[Accessibility] Summary of the LSB accessibility discussion
ojschmidt at kde.org
Wed Dec 13 10:54:38 PST 2006
This is a summary of the accessibility discussion at the LSB face-to-face
Our aims were:
1. Getting acceptance from the LSB of all our upcoming specifications
2. Making sure that all of the accessibility specs live within the LSB
standard itself (and not in an "accessibility ghetto")
3. Making sure that accessibility is not perceived as "optional"
4. Releasing an AT-SPI standard soon while making sure that a D-Bus migration
of AT-SPI is still possible
5. Checking whether the LSB would accept the idea to weaken the ABI guarantees
for the AT-SPI case
6. Making sure that accessibility is kept in mind for other discussed topics
such as multimedia.
The meeting went well; the LSB accepted all point 1-4 without problems. There
were objections to 5, but we have been provided with an alternative way of
reaching our goals.
Rules for the creation of LSB modules:
* The labelling of modules as "optional" will be replaced by more descriptive
formulations such as "candidate ABI". ABI specified in non-mandatory "future
candidate" modules must be on track to become mandatory in the next LSB
* ABI specified in mandatory modules must be present in all major
distributions (either in the current version, or in an upgrade scheduled for
no more than a few months after the LSB release).
* FSG Accessibility is invited to also release non-ABI (functional)
specifications as LSB modules (such as keyboard accessibility user interface,
Status of D-Bus itself:
* There was agreement on D-Bus itself as "future candidate" in LSB 3.2, to
become mandatory in LSB 4.0.
* LSB 3.2 freezes April 2007. This means mandatory ABI must be shipped in all
relevant distributions by summer 2007, and "future candidate" ABI must be
shipped in all relevant distributions by summer 2008.
* LSB 4.0 is scheduled for spring 2008. This means mandatory ABI must be
shipped in all relevant distributions by summer 2008, and "future candidate"
ABI must be shipped in all relevant distributions by summer 2009.
* We need to contact the distributions early enough to ensure that we meets
Accessibility (application side):
* The LSB already includes atk and QAccessible.
* Qt4 will become mandatory in LSB 3.2, so coverage on the application side
will be complete on all LSB-conforming distributions.
* It was suggested that from a branding perspective, it is better to put the
already standardised application side interfaces into the focus. We could
stress that this allows distributions to ship interfaces and assistive
technologies making use of those.
Accessibility (system and desktop):
* xkb is included. The LSB also invites us to release the functional (user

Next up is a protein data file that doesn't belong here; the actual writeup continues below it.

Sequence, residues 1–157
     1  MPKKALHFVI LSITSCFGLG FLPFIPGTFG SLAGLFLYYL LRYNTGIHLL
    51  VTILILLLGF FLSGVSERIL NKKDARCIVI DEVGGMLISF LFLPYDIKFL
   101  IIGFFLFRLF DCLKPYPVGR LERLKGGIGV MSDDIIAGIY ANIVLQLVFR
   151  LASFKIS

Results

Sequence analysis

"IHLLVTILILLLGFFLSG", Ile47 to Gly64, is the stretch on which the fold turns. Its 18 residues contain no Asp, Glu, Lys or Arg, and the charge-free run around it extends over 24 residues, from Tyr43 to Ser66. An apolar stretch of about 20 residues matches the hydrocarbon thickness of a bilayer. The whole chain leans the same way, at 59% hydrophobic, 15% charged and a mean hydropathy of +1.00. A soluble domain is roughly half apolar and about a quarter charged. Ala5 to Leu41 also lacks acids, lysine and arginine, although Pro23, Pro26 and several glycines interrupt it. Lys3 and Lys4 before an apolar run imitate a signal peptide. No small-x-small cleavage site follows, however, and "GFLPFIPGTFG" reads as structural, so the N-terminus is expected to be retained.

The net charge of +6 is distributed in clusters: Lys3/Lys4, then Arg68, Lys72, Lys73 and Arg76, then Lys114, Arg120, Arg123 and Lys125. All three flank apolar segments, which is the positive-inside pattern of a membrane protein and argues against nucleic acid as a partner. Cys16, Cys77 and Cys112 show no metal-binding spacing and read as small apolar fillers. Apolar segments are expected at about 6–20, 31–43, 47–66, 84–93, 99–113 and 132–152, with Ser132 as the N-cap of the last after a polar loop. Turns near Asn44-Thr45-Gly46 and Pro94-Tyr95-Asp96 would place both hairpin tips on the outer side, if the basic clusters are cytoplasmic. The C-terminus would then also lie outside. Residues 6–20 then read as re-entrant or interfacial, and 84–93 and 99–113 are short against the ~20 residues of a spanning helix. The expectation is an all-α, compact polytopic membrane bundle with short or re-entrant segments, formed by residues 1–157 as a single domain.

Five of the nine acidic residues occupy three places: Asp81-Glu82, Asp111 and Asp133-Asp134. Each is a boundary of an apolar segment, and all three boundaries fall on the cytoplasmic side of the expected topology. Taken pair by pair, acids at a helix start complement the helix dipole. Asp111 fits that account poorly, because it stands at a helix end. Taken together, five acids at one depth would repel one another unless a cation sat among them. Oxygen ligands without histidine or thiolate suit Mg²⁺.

interface) keyboard specification as an LSB module. KDE already implements
the spec, so the timeline for this depends entirely on GNOME. We can include
the functional spec in LSB 3.2 if a GNOME version supporting it is released
by April 2007 and if we have confirmation from the relevant GNOME-based
distributions that they will ship it by summer 2008.
* X extensions such as composite: I received the question how many
applications are already using those.
Accessibility (client side):
* We had an extensive discussion that ruined our time schedule. There was
unanimous agreement on virtually all points described below.
* There were strong objections to specifying two alternative ABIs for the
distributions to pick from. Whenever two concurrent sets of ABI are
specified, distributions need to ship them both. There were equally strong
objections to making both CORBA-based ABI and D-Bus-based ABI mandatory.
Including two concurrent sets of ABI is only done if in long-term
perspective, there is very strong ISV market demand for keeping both of them
alive and stable.
* There was unanimous agreement that we need to work towards a single,
generally accepted client-side ABI for AT-SPI that works for both Qt and Gtk,
and that the D-Bus approach looks like the best candidate for it.
* The LSB would rather include no AT-SPI ABI specs or tests at all (only the
IDL itself) than do anything that might be perceived as a weakening of the
long-term ABI stability guarantee (especially since not a single single ISV
is known to be targetting AT-SPI).
* The LSB welcomes us to create an LSB module for the AT-SPI IDL while leaving
the exact ABI unspecified. If we do this, then we need to be very clear that
the CORBA-based ABI derived from the IDL is not "candidate ABI" expected to
become mandatory later. If add a link to a conformance test to the spec, then
we also need to make it clear that the test is only meant as non-mandatory
example, and that other implementations using their own tests are equally
* The timeline for including AT-SPI as ABI depends entirely on the willingness
of GNOME, KDE, Trolltech, IBM and the distributions to cooperate on a shared
* I forwarded our requirement list to Real, who will make sure that it is kept
in mind when discussing possible audio standards.
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